Anthony van Dyck Biography
Renowned chiefly for his portraits, Anthony van Dyke was one the most significant Flemish painters of the 17th century. Born in 1599, Van Dyck began his career apprenticing with Hendrick van Balen in 1609, and, later, working as chief assistant to Peter Paul Rubens between 1617–20. Although formally working under Rubens, Van Dyck is said to have been quite precocious, and simultaneously established an independent career as his reputation grew. Accounts of his personality mention his aristocratic manners, which were said to often border on arrogance, as well as his striking good looks, evident in his many self-portraits.
After a brief stay in London in 1620–21 working in the service of King James I, Van Dyck moved to Italy where he traveled a great deal. During this time, he developed a signature style that was primarily portrait based, and more heavily inspired by Titian rather than Rubens. He completed a number of prestigious commissions of nobility, including the famed, full-length portrait Marchesa Elena Grimaldi (National Gallery of Art, Washington, DC). By 1828, Van Dyck had returned to Antwerp, and began expanding his repertoire to include religious scenes that were lauded for their emotional tone and expressive style.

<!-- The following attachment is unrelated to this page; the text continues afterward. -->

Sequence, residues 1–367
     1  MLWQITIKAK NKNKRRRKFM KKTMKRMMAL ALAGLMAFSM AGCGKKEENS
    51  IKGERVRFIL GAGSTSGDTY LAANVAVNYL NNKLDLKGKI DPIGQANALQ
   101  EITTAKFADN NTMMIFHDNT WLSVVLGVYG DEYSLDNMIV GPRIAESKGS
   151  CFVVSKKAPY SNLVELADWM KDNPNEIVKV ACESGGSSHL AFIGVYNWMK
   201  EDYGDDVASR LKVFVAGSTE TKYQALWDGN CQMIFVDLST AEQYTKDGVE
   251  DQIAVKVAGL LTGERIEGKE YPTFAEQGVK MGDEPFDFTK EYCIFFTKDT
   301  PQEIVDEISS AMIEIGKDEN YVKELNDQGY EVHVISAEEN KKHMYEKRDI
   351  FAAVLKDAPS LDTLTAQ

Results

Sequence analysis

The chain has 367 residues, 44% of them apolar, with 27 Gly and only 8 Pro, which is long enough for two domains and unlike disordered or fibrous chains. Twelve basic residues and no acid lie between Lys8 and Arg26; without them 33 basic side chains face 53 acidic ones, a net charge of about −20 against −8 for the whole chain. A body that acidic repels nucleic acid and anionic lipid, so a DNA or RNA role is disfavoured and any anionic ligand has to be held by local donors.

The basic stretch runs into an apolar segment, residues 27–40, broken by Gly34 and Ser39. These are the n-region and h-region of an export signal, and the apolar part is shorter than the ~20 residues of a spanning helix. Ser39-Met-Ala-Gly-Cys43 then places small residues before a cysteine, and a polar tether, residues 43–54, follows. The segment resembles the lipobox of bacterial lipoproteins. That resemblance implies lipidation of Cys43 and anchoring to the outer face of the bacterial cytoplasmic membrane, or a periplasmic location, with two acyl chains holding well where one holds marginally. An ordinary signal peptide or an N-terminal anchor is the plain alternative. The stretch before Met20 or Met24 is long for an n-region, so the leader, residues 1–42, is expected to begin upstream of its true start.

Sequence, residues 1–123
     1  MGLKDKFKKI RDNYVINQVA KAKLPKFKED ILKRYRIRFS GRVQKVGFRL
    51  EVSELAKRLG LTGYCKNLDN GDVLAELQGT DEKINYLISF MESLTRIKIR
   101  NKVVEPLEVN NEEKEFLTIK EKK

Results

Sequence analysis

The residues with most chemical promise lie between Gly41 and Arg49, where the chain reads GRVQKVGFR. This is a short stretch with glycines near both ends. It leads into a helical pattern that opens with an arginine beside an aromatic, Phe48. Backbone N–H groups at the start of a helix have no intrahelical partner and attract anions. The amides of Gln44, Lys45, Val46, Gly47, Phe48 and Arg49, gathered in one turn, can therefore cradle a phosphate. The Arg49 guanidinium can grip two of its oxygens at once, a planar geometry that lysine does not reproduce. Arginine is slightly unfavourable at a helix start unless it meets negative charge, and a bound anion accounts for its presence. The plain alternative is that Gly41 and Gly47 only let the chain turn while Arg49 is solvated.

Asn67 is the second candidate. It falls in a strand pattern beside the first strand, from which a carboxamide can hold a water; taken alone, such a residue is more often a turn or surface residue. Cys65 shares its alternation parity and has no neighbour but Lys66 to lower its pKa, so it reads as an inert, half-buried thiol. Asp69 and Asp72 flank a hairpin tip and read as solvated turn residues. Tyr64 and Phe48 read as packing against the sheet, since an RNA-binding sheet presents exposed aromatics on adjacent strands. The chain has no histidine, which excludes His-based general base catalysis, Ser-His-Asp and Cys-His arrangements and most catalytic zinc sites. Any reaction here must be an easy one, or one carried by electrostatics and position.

In 1632 Van Dyck moved back to London and stayed there for the remainder of his career and life. Working in the court of King Charles I, he earned great acclaim and was subsequently knighted. It is his portraits of the King, his family and the royal court that truly solidified Van Dyck’s fame. By 1641 his health began to fail, and he died on 9 December; he is buried in St. Paul’s Cathedral in London.
Revered by later generations of artists, including Thomas Gainsborough, Van Dyck’s work is included in the world’s major art institutions, including the Metropolitan Museum of Art, New York; the Kunsthistorisches Museum, Vienna; the Louvre, Paris; and the Museo del Prado, Spain.